Canadian News

It’s time for the Conservatives to start taking risks

The Conservatives so far appear to be running an extremely safe and methodical campaign. It’s time to take some risks before it’s too late.

Spencer Fernando Winnipeg, MB
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Despite Justin Trudeau’s blackface scandal, repeated lies, and overwhelming hypocrisy, the Canadian election remains close.

The aggregate of polls gives the Conservatives a narrow lead at best, and some seat projections even show the Liberals poised to win more seats with fewer votes.

A big part of this is due to the bias of the establishment media, who clearly want Justin Trudeau to win, and never properly vetted Trudeau in the first place.

However, another reason the Conservatives are struggling is because Andrew Scheer is struggling to generate “controlled controversy.”

In today’s chaotic media environment, it’s impossible to ‘control the message,’ as campaigns once talked about.

What is possible is to create controversy that helps drown out other issues being discussed, and move at least some of the conversation onto more favourable ground.

It requires a bit of recklessness and tactical flexibility, and that’s something the Conservatives have struggled to show so far.

For example, Scheer has faced repeated questions about his view towards LGBT people, and while the controversy is irrelevant on a factual basis (Scheer has made clear he won’t change any laws) it is relevant on a political basis, since Scheer keeps having to talk about it.

Now, an example of effective ‘controlled controversy’ would be for Scheer to announce that he will march in the same pride parade Ontario Premier Doug Ford marched in this year. Ford effectively handled the controversy over whether he would march or not by refusing to march in any parade that excluded the police, and then marching in a smaller town pride parade that included police representation.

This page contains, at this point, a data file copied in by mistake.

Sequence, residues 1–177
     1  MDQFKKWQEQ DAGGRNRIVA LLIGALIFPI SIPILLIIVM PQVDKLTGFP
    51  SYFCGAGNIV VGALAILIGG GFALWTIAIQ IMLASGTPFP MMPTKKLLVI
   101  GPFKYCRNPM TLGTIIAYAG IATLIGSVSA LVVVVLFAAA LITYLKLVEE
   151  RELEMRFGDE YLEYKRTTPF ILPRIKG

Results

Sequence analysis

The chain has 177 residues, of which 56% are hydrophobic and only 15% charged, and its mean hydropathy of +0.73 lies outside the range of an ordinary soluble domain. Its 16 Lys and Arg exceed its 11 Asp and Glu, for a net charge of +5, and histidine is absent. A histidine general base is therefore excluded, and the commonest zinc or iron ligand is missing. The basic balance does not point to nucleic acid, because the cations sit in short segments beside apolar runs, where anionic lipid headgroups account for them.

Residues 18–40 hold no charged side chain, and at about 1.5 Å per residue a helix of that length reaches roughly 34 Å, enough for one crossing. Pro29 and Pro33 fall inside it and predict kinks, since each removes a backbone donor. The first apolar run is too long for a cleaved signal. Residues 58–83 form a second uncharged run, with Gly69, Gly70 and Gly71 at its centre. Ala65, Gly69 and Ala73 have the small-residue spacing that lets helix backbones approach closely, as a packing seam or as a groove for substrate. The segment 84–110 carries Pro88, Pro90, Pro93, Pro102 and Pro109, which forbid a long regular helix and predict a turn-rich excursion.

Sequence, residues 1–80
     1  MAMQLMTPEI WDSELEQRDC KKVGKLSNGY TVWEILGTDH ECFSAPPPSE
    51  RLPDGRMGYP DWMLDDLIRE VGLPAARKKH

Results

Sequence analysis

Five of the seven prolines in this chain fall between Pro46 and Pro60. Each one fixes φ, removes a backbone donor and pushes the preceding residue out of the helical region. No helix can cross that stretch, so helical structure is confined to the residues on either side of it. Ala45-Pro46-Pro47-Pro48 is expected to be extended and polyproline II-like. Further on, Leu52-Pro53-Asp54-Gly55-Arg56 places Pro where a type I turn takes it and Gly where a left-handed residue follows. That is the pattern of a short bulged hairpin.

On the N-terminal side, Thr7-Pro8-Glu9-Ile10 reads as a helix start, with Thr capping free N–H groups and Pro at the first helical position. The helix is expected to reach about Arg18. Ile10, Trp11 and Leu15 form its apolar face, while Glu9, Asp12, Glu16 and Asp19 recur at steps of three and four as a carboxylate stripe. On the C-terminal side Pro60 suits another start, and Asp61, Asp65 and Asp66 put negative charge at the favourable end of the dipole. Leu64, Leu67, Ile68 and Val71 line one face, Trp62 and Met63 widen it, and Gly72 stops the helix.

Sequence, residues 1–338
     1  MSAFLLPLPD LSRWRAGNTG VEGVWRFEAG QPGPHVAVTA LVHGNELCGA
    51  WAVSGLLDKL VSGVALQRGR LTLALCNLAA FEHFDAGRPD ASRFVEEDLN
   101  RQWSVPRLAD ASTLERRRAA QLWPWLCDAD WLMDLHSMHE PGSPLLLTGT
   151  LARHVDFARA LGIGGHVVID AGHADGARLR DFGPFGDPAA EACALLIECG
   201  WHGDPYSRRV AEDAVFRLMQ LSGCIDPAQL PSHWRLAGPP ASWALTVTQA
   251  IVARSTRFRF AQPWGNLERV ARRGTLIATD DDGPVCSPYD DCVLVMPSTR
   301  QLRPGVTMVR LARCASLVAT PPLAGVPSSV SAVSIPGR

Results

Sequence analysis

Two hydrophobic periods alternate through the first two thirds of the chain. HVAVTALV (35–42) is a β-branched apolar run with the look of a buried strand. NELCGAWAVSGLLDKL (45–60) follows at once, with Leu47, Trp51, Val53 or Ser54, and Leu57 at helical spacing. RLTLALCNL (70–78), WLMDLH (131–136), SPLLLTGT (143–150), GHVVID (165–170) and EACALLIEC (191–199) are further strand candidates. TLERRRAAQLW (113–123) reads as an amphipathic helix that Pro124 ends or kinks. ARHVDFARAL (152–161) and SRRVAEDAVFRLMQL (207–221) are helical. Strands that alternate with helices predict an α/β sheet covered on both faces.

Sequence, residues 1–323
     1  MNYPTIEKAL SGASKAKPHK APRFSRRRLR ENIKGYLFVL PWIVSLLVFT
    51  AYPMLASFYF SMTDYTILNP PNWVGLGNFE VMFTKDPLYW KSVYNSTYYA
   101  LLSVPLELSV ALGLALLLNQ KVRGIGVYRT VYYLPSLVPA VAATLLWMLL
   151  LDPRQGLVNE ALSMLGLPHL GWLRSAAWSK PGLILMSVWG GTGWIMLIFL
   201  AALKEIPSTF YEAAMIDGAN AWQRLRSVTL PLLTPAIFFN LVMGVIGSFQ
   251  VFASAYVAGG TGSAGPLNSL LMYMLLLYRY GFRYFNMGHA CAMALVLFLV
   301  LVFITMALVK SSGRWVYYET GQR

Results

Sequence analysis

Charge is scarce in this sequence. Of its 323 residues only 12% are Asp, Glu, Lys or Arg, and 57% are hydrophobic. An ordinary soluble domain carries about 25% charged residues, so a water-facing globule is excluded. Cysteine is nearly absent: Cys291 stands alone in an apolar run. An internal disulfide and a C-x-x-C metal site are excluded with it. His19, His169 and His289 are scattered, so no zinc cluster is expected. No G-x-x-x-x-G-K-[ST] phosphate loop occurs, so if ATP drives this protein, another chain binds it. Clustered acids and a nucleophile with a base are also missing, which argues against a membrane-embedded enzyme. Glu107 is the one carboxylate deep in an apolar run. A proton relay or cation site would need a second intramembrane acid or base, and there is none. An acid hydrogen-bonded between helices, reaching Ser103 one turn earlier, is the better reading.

If Scheer were to pledge to march in the same parade, he would draw positive media attention to himself, while also helping win over some of the moderate suburban voters he needs to win. Additionally, by pledging to march with the Ontario Premier, Scheer would incite the Liberals into attacking Doug Ford over and over again, and compare both of them.

But since the comparison would be covered in the media in the context of Scheer pledging to march in a pride parade, Scheer would be effectively controlling part of the media narrative, using a controversy of his own creation to draw attention to something that can help improve his image.

Now, some people may say that Scheer simply refuses to march out of some ideological viewpoint, but considering the stakes of this election (and the serious threat to national unity if Trudeau wins again), marching in a parade would be a small price to pay for Scheer in order to improve the chances of defeating the Liberals.

Alas, the Conservatives so far appear to be running an extremely safe and methodical campaign. It’s an understandable reaction to a hostile media environment, but with the polls showing a national deadlock, a safe and methodical campaign may not be enough. It’s time to take some risks, and generate some controlled controversy before it’s too late.

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